Who she says, kept her in this building in northeastern China for five years. She and other traffic defectors were forced to work long hours,
sometimes sleeping only a few hours a day. She says she was beaten by her captor. He allowed her to leave the apartment with him once every six
When I was working for the chatroom, she says, I had to do everything the customers asked me to do. I saw so many perverts. It's a story shared by
thousands of North Korean girls and women who escaped North Korea to what they believe would be a better life.
London-based nonprofit organization, Korea Future Initiative, published a report last month estimating as many as 60 percent of female North Koreans
refugees in China are trafficked into the sex trade.
A spokesperson for the Chinese government said in a statements to CNN -- I want to stress that the Chinese government pays high attention to foreign
citizens' legitimate rights according to law, and also combats activities of human trafficking women and children.
Lee's try to escape came on a customer recognized she was North Korean and being held captive. And put her in touch with Chun Ki-Won a South Korean
pastor. He was able to contact Chun online to plan her escape. Chun says his Christian aid organization, Durihana, has helped around 1,200 defectors
reach Seoul since 1999.
In these cases, he says, the best option is to talk to the person holding the woman and ask them to release her or for her to pick the lock and run.
Using a rope from a fourth floor is the last option we take.
[11:45:00] The roots through China and onto a third country like Laos or Myanmar is incredibly risky. If caught China sends defectors who they see
as illegal economic migrants, back to North Korea. Activists say they then face punishment, imprisonment, or in some cases even death.
A woman we will call Kwang Ha-Yoon, was held prisoner for eight years in the same room as Lee. They escaped together. They traveled for five days
and nights through China, managing to evade detection. They arrived in a third country we're not naming for security reasons and enter the South
They were very nervous in the embassy the pastor tells me. In North Korea they'd learned South Koreans are bad. They were filled with such mixed
emotions. This is a journey thousands have taken before them, seeking asylum in South Korea, a journey an unnamed number can only dream of, still
trapped in China's multimillion-dollar sex industry.
Paula Hancocks, CNN, Seoul.
CURNOW: Thanks, Paula, for that report.
You're watching CONNECT THE WORLD. Coming up, some praise it, others criticize it for the ways it depicts Palestinians. But no one can dispute
the huge popularity of an Israeli tv series that's really become a hit worldwide. We'll explain that, next.
[11:50:00] (COMMERCIAL BREAK)
CURNOW: You're watching CNN. Thanks for joining us. This is CONNECT THE WORLD. Welcome back.
A team of undercover Israeli commandos have captured TV viewers worldwide. And now the hit Israeli series is coming out for a third season. But some
have criticized the depiction of Palestinians. CNN's Oren Liebermann goes behind the scenes to see how the show tackles some of the toughest issues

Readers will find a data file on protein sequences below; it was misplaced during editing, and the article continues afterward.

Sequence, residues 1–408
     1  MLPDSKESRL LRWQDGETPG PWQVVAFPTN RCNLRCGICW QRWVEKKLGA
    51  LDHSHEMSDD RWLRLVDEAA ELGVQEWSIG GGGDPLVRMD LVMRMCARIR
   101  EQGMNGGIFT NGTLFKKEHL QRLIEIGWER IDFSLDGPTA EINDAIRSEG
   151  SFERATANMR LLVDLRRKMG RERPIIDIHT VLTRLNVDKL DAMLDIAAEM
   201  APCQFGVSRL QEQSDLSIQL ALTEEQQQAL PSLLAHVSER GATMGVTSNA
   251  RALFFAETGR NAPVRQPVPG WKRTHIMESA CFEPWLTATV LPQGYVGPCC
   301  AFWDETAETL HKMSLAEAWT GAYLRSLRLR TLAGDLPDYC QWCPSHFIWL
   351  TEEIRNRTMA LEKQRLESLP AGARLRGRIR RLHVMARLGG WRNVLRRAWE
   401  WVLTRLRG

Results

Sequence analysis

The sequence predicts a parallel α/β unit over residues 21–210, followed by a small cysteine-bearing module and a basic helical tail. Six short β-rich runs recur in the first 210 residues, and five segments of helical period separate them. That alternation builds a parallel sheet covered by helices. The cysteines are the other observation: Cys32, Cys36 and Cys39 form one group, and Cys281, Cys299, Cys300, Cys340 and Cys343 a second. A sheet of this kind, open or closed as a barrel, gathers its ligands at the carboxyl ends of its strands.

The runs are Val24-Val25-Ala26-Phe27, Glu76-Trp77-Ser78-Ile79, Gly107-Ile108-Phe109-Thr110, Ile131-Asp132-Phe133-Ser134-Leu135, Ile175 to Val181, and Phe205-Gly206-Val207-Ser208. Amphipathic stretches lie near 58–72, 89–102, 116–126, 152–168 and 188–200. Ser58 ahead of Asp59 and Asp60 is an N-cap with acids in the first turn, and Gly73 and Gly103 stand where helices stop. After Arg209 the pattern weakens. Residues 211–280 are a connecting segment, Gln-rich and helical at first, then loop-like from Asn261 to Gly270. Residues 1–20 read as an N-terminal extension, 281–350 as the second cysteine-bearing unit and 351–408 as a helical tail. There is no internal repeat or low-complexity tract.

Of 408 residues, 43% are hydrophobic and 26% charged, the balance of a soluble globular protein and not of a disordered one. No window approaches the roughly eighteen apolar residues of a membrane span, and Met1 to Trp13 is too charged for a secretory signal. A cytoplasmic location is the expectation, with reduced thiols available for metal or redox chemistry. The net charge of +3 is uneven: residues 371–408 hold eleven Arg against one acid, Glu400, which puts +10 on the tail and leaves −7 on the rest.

in the Palestinian/Israeli conflict.
LIEBERMANN (voice-over): In an abandoned power plant under the streets of Tel Aviv, the third season of the hit series "Fauda" is unfolding. The
show was already a big hit in its native Israel. Netflix turned it into an international sensation. The show centers around an undercover unit in
Israeli military operating in the Palestinian territories, showing two sides of one conflict. The half Hebrew/half Arabic show's titles means
chaos in Arabic.
The show is based on real-life experiences of one of the writer, who served in that undercover military unit.
This is not reality. It's fiction. So it's not really what's going on, on the ground. And what's really going on the ground is even more complicated
than what we have in the show. But I think that the show does allow you to have kind of a look, a small window in what's going on over there between
Israelis and Palestinians.
AVI ISSACHAROFF, WRITER, FAUDA: This is not reality. It's fiction. So, it's not really what's going on, on the ground. And what's really going
on, on the ground is even more complicated than what we have in the show. But I think that the show does allow you to have a kind of a look, a small
window in what's going on over there between Israelis and Palestinians.
LIEBERMANN: Fauda is not a political series, but anything to do with the Israeli-Palestinian conflict is inherently political.
SHANY LITTMAN, CULTURE WRITER FOR HAARETZ: It doesn't show the context in which this -- the events are happening. It seems as if everything is very
personal, you don't see the occupation. You don't understand why is this happening. You know you don't see the context of things.
LIEBERMANN: The gritty often brutal show has been praised and criticized for its portrayal of Palestinians. Even so, main actor Lior Raz, says the
show has fans in the Arab world.
LIOR RAZ, ACTOR: I was in Abu Dhabi, I was filming a movie there. Hundreds of people from all over the Arab world, Syrians, Kuwait, Lebanon,
Egypt, just came to me and talked with me about the show. How they loved it, how they -- how they understanding now the situation in Israel because
it -- because we brought them another point of view that they didn't have.
[11:55:06] LIEBERMANN: With season three in production questions inevitably turn to what's in store for the viewers? The Fauda team is mum.
YAAKOV ZADA DANIEL, ACTOR: This is the season. A lot of surprise, a lot of action.
LIEBERMANN: There is only one hint to the show's future, they've already started writing season four.
UNIDENTIFIED MALE: Cut. Cut, moving on.
LIEBERMANN: Oren Liebermann, CNN, Jerusalem.
CURNOW: Thanks Oren.
So I'm Robyn Curnow and that was CONNECT THE WORLD. From the team here in Atlanta, in London, and in Abu Dhabi, thanks so much for watching.